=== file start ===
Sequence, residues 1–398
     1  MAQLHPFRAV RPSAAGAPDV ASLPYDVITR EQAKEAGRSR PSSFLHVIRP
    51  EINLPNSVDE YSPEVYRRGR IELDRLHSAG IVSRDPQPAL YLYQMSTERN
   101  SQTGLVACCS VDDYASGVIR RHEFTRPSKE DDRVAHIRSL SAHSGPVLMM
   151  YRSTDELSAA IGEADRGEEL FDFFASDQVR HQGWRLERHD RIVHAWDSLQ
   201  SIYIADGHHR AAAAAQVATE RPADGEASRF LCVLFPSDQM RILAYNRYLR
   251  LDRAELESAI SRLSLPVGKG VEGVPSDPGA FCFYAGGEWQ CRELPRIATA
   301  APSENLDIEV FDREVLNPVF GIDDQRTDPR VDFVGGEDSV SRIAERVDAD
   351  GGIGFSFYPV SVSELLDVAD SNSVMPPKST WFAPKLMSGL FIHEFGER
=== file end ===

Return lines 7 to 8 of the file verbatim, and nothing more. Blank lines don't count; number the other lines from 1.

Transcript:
   251  LDRAELESAI SRLSLPVGKG VEGVPSDPGA FCFYAGGEWQ CRELPRIATA
   301  APSENLDIEV FDREVLNPVF GIDDQRTDPR VDFVGGEDSV SRIAERVDAD